- Le Visiteur du Futur: Despite his comedic quirks, the Visitor is a cunning, driven, morally ambiguous, arrogant loner with many self-critical moments. Zigzagged when it comes to charisma: many people dislike him after they meet him, because of his arrogance and overall Jerkass behaviour, but he has won about as many people to his cause, if not more after Joseph broadcasts his speech about his original world to Henry. Similarly, while he has a very cynical view of people, thinking that no one would pass a once-in-a-lifetime opportunity for success to save a world they won't even live to see, he can be pretty optimistic when it comes to his goal, believing that he can correct this timeline's bug by himself.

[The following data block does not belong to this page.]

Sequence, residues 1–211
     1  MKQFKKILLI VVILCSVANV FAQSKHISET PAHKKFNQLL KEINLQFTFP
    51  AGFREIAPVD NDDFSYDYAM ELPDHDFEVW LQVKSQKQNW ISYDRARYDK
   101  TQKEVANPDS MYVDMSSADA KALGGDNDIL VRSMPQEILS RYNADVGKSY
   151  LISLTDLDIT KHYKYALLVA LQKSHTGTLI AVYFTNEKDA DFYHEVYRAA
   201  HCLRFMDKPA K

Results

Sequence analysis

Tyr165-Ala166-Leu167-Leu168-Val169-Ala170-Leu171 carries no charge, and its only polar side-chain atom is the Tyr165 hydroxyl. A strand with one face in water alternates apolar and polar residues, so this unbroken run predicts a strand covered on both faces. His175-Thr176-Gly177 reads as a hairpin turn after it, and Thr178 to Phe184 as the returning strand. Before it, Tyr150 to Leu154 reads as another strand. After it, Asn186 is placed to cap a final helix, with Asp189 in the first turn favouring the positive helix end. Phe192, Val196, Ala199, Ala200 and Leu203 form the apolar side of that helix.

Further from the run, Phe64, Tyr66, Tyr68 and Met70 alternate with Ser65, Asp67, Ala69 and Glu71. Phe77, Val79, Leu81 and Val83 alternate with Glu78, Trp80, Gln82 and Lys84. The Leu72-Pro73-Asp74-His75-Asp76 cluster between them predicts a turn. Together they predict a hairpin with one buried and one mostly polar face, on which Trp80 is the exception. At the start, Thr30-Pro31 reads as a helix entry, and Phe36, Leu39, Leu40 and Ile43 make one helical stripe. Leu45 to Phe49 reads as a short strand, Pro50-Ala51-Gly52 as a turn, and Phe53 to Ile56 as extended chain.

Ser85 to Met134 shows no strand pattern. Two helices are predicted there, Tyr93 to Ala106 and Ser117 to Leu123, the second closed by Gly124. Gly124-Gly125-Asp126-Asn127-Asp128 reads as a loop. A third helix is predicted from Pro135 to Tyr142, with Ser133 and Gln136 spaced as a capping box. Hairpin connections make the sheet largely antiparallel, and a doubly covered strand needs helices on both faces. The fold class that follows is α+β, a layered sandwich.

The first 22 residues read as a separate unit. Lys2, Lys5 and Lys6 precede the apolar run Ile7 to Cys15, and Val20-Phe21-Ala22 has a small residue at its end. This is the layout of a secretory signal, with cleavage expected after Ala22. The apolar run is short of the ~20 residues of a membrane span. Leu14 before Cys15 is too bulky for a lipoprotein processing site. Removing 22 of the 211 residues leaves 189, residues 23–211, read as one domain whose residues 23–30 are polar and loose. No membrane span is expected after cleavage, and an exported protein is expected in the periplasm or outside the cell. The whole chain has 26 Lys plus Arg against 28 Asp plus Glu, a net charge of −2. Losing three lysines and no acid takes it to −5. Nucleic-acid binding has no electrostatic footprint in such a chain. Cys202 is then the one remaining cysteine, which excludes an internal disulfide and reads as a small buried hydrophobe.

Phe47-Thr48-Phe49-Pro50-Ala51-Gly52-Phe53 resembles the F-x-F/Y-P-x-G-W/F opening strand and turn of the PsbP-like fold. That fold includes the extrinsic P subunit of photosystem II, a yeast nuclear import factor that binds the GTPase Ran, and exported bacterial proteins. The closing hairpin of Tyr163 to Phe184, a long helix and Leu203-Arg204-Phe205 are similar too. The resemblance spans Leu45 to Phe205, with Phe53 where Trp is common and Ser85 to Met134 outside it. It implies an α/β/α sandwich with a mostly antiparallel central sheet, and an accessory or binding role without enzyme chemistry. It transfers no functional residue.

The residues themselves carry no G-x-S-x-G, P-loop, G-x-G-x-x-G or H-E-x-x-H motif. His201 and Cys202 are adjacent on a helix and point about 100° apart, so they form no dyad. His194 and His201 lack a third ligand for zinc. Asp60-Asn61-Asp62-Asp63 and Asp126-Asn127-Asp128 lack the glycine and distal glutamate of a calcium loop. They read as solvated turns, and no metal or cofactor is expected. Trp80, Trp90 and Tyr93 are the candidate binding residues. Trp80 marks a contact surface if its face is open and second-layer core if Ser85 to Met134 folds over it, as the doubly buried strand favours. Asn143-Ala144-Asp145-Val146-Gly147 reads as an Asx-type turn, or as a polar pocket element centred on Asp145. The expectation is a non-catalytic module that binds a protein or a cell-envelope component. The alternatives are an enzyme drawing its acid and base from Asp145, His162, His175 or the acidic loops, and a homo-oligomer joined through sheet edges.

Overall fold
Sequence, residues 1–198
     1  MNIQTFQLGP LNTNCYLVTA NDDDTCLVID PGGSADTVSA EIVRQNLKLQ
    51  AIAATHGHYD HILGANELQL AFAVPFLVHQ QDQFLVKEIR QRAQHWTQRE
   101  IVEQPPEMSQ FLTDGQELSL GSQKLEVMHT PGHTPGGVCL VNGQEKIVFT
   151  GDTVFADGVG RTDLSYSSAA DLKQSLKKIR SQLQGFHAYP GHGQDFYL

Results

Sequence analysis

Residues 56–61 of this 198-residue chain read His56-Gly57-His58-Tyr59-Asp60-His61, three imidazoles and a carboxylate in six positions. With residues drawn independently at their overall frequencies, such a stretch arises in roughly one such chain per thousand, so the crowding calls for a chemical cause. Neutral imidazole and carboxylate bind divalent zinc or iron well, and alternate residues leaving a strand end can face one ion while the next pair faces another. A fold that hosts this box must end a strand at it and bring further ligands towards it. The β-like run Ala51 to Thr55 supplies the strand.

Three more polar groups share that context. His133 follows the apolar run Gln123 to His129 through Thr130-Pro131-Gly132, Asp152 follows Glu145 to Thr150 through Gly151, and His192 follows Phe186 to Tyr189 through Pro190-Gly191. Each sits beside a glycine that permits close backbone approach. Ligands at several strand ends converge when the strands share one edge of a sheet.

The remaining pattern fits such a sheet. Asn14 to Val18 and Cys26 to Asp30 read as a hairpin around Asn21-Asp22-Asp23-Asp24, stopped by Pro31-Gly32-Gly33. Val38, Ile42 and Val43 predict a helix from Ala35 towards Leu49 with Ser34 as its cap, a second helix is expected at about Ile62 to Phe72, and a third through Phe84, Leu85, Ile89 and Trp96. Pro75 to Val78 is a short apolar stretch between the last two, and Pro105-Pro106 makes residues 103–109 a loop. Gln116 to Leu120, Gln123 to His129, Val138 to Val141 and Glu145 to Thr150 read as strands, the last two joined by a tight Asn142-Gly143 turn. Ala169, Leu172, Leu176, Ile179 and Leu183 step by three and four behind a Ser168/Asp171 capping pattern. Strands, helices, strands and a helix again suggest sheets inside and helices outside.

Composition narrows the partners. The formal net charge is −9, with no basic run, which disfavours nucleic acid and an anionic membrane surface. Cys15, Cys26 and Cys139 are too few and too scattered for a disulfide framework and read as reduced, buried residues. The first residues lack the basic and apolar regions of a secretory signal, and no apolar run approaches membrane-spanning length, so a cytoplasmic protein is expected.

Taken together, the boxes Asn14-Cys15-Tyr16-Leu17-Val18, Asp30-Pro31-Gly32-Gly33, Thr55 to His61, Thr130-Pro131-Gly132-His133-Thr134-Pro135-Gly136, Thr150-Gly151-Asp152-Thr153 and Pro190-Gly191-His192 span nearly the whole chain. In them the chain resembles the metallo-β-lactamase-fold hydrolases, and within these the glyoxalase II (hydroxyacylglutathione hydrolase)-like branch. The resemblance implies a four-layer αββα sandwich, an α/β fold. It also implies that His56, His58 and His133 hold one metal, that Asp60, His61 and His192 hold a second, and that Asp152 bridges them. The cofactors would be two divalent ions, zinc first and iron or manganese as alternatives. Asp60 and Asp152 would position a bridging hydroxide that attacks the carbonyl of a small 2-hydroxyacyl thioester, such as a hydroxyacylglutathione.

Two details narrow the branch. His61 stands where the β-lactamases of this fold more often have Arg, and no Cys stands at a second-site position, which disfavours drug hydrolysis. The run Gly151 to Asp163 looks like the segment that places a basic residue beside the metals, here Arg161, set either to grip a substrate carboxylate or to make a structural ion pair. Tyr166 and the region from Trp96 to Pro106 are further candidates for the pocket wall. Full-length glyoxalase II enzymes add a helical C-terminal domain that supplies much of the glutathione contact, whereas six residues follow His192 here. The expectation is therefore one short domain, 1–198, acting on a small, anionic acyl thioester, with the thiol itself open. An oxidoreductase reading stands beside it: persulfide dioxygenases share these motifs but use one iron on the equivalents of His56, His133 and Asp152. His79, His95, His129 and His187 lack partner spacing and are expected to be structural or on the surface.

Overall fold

- In the Whateley Universe, Brigand is a classic Byronic hero, complete with a tragic backstory that he attempts to avenge, despite the way this distances him from society's laws. However, in a superhero world, this makes you a supervillain.
- Taylor/Skitter in Worm. She possesses all of the Byronic traits except for charisma, but it can be said that she develops this in (intense) spades later.
- Avatar: The Last Airbender:
- Zuko has several traits of a Byronic hero: conflicting emotions? Check. Poor integrity? Check. The status of exile? Big ol' Check. It's, like, his thing. A troubled past? Very much so. Pride? Big problem he has to deal with. He's also a loner, "prone to Melodrama", and as for intelligence... well, Aang says that he's smarter than people give him credit for.
- Jet is a good example of this as well. Having lost his home and family to a Fire Nation raid, he becomes an accomplished freedom fighter determined to stop the Fire Nation at any cost.